Film, since its inception, has played a significant role in capturing history. It has given us ways to explore events in the past while contemplating the present. Art (it would seem) is ahead of politics, especially in matters of examining the painful realities of World War II in Eastern Europe. In recent years there has been a dangerous trend in Poland and Hungary in revising history to fit a political narrative.

Both Poland and Hungary have been trying to balance Democracy and the rise of right wing political parties, who are determined to use the Holocaust to rewrite historical narratives to create nationalistic pride, directly contradicting their past and present. Poland and Hungary along with Ukraine, Lithuania and Latvia, are all experiencing revisionist movements. Historian John Paul Himka believes part of the problem is how these once double occupied countries (by Germany and the Soviet Union) dealt with false historical narratives or “myths” they were told under post-war Soviet occupation, once they were free of Communism. Himka states in their hurry to join the West, they did not take the necessary time and care to explore their wartime roles, allowing for a division between memory and fact.


Part I: Man’s Inhumanity to Women

Mid-semester, in our high school genocide studies course, my students and I were about to begin class by turning to the assigned readings on the Bosnian War and the question of genocide in former Yugoslavia. I had prepared slides for the day’s discussion that included numerous photographs, which, in retrospect, showed mostly Muslim boys and men behind barbed-wire fences. As students were coming into the classroom, one student, Elise (a pseudonym), began describing a performance of Eve Ensler’s Vagina Monologues she had seen the previous weekend. One monologue in particular resonated with the week’s readings: “My Vagina was My Village.” The monologue describes the intimate, excruciating story of a woman being brutally raped during the course of the war, as well as the physical and emotional aftermath of living with the trauma. As Elise described the monologue in careful detail, the class grew increasingly quiet, students’ eyes trained on their desks. I too sat motionless not wanting to interrupt Elise but wondering if the topic of rape was too difficult, inappropriate for high schoolers. Elise ended her comments with a question that reverberated around our classroom: “Why don’t we talk about rape and the stuff that happens to women?” After a long pause, she continued: “It’s almost like…the way it’s talked about…genocide…I mean…it’s almost like it’s something that men do to other men.”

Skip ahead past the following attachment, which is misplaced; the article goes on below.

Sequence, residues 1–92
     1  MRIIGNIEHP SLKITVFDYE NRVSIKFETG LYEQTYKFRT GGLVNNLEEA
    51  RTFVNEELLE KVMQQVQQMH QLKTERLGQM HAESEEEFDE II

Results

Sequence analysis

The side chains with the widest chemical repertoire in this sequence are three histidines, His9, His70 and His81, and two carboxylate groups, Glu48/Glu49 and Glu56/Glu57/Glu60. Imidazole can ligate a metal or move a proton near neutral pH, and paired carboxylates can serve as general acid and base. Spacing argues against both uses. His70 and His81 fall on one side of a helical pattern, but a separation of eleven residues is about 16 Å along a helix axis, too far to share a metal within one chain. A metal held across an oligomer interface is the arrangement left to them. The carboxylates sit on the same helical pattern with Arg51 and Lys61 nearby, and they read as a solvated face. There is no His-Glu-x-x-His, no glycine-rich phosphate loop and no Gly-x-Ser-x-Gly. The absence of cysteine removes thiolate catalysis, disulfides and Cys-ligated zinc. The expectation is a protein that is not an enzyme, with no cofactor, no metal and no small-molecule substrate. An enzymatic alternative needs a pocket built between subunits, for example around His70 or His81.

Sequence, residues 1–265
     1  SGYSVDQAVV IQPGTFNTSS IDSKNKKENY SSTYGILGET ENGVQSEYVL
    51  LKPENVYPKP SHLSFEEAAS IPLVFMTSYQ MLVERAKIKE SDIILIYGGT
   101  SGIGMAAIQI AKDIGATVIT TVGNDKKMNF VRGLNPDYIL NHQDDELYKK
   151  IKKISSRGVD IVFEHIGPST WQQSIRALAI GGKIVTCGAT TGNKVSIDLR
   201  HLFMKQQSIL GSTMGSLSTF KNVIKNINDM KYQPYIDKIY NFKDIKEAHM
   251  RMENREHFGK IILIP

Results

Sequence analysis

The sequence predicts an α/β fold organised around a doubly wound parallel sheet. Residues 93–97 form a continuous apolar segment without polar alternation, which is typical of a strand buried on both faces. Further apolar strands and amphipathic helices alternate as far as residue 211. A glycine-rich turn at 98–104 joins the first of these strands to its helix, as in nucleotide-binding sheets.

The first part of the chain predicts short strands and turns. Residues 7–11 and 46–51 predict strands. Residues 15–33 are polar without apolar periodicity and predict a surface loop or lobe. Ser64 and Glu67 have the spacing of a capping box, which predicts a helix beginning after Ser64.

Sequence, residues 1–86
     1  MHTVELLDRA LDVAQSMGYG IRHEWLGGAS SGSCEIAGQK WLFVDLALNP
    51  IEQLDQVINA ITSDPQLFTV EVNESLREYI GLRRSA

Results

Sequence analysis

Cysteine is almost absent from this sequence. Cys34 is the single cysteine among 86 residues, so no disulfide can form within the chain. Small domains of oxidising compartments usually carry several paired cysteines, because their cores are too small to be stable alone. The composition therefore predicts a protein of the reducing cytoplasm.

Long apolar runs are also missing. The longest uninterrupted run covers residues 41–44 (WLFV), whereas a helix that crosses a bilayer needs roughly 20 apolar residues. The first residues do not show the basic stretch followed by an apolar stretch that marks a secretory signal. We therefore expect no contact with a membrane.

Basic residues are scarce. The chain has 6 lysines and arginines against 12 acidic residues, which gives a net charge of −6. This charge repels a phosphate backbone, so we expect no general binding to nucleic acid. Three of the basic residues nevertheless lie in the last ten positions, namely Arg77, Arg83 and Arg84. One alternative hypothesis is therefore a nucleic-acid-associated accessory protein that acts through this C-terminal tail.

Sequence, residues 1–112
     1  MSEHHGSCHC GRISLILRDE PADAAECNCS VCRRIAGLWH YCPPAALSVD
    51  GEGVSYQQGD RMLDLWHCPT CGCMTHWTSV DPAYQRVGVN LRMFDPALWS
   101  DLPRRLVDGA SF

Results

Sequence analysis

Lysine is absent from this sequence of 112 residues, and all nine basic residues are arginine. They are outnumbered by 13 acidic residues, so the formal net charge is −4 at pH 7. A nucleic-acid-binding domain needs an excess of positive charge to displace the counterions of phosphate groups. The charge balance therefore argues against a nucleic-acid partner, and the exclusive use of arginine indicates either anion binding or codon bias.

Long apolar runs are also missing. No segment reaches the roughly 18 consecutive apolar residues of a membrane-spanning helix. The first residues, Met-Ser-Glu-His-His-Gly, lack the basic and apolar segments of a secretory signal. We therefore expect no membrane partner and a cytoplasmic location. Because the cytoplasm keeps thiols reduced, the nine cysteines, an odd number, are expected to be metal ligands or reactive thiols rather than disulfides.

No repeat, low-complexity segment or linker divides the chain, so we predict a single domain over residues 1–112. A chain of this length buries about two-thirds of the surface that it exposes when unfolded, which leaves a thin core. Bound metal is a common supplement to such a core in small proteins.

From now until March 24, the Guthrie Theater is presenting Paula Vogel’s Indecent. Surely, this is the 21st century’s greatest play about the Jewish experience in 20th century Europe and America.

It’s a play about a play—Polish (later American) author Solomon Asch’s The God of Vengeance, one of Yiddish theatre’s most famous plays (along with The Golem and The Dybbuk)—but don’t let that put you off. In the hands of Vogel, the history of this work raises many issues relevant to our current times. Plus, the lively staging by Wendy Goldberg includes a good deal of Klezmer music and Jewish dance (choreography by Yehuda Hyman), so the heartbreaking story is thoroughly entertaining.


George Dalbo was born and raised in Western New York. His first encounters with the Holocaust were as a high school Rotary exchange student in Wels, Austria. After his exchange year, George studied European history and German literature at the University of Buffalo, earning his B.A. Following his degree, George was awarded a joint research-teaching Fulbright grant to Vienna, Austria, where he divided his time studying Austrian and Eastern European history at the University of Vienna and teaching English as a foreign language in a Viennese public school. George moved to Minnesota in 2008, earning his secondary social studies license and M.Ed. from the College of St. Scholastica. George taught middle and high school social studies at several schools within the Twin Cities metro. He developed and continues to teach a comparative genocide studies course for juniors and seniors who attend one of a consortium of private schools from around the country.